Eds. Herald:-One cold night last Nov. was heard a knock at my door, so feeble that I doubted it were a knock, and there staggered in the doorway a poor, outcast black girl, sick and weak to faintness.-Her owner, having now no use for her, had cast her off to save the expenses of keeping her in food and clothing. Slavery never taught her to provide for herself, and she now wandered a beggar indeed. And no one often finds them here. She represents a large class of this suffering people, wading thru’ deep waters out of bondage.- To any one who stands here in Tennessee, and thinks-tho’ he have very little “nigger on the brain,” the great question, “What shall a poor nigger do?” is forced vividly into view. The “irrepressible conflict” with slavery being now virtually over, we, true to our restless Yankee genius, straightway get up a new irrepressible in the question of the destiny of the American blacks. Slaveholders have all along declared that the blacks could not and should not remain here as freedmen.- Many Tennesseans, who are loyal and who believe that the institution is dead, will tell you the same, because-some say-of the mere prejudice against them, which they believe can never be eradicated. Others take a somewhat better view that Providence has raised up this people that they may return enlightened by their American sojourn, and help “Ethiopia stretch forth her hands to God.” This has been a pet idea with the more thoughtful slaveholders, and a very convenient one for those whose consciences were sore over the undeniable wickedness of the institution-a very ingenious way of throwing the responsibility upon God. But if all the Wise will thus “make the wrath of man to praise him,” the wrath is no less wicked for that. That many blacks will in time go to Africa voluntarily, as missionaries or as adventurers, is not improbable. But as to their being driven out en masse by this omnipotent prejudice-“Credat Judeus Avella, pov eto.[3] When our country is grinding out History with a rapidity that outstrips the pen, when the sentiments of whole States are being revolutionized, almost in a day, who shall say that this “prejudice” may not be upset in the general overthrow?

But there is one fact which the most “prejudiced” cannot gainsay. Cotton must be grown in a considerable portion of the former cotton lands. We must have the cotton, and those are the best places to grow it. Those lands, moreover, could not be devoted to grain; for other Southern soil will produce abundance, especially under the increasing influx of Northern industry. Now white hands cannot, as a general thing, work the sunny cotton fields, therefore black must, prejudice or no prejudice. Prejudice in men’s hearts; but when it comes to the question of the almighty dollar-where and how can the cotton be most advantageously produced- prejudice must stand aside. The trading American, the business man, will [have] none of it.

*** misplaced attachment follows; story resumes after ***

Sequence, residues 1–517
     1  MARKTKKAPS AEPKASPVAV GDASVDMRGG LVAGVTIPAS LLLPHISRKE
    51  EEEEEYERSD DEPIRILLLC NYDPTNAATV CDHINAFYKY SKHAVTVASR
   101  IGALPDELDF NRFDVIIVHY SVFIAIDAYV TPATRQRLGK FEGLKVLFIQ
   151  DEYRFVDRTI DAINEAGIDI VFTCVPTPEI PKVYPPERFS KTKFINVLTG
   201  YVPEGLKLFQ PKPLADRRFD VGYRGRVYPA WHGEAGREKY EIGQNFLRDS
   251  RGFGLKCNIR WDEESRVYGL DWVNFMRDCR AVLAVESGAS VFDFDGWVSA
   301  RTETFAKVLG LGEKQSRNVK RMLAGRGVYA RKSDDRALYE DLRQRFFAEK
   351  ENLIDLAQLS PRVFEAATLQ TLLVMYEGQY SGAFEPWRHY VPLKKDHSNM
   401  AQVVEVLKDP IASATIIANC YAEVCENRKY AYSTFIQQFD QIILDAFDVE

There is also, it is true, amoral, as well as an economical view of this. It seems unjust to drive the negro from his home and from freedom earned by suffering. But to us the economical view is the more significant. Not that the moral is subordinate. But Providence employs the immediate instrumentality of economical laws to accomplish more distant and grander moral ends. The Almighty works out moral problems by commercial figures. Moral laws, though fixed, are too general, of too wide a scope, for us to argue from them in this case with certainty. For the present the rain falls upon the just and upon the unjust. But we may argue from economical laws. They are within human grasp, and we may be confident that this new irrepressible [conflict] will be settled in accordance with them. Demand and supply of a staple article will “move mountains”-of prejudice-or of anything else mundane. Cotton could sit upon a throne of tyranny, but now in a lawful way cotton shall be King.


The Daily Cleveland Herald, February 7, 1864. [4]



        7, Scout near Memphis on Pigeon Roost Road

HDQRS. ELEVENTH ILLINOIS CAVALRY, Memphis, February 8, 1865.


I have the honor to submit the following report: Agreeable to previous orders, I reported at the picket-post on the Pigeon Roost road, February 7, at sunrise, and proceeded to patrol the road as far as the Nonconnah, which I reached at 9.30 a. m. I crossed my advance, but the bridge partially gave way, and not deeming it safe to cross upon, I recalled my advance and returned to the picket-post, without seeing any of the enemy. At 2 p. m. I again proceeded to visit the river, where I ascertained that two Confederate soldiers had crossed to this side and recrossed to the opposite side. I learned that Col. Cox was out about eighteen miles, moving toward Tupelo. Col. Forrest was reported on Cold Water burning cotton. I saw no enemy throughout the day.

Very respectfully, your obedient servant,

JAMES G. HULL, First Lieut., Eleventh Illinois Cavalry, Cmdg. Patrol.

OR, Ser. I, Vol. 49, pt. I, p. 678.


[1] As cited in:

[2] Colonel R. S. Cluke, 8th Kentucky (CS) Cavalry, under Morgan’s command.

[3] The print is light difficult to read. This may not be a literal transcription of this Latin phrase.

[4] GALEGROUP - TSLA 19TH CN The reproduction of this article shows the year 1864, yet the identification for the article has the date of February 7, 1865. It appears most likely the year is 1864, however.

James B. Jones, Jr.

Public Historian

Tennessee Historical Commission

2941 Lebanon Road

Nashville, TN  37214

(615)-532-1550  x115

(615)-532-1549  FAX


James B. Jones, Jr.

Public Historian

Tennessee Historical Commission

2941 Lebanon Road

Nashville, TN  37214

(615)-532-1550  x115

(615)-532-1549  FAX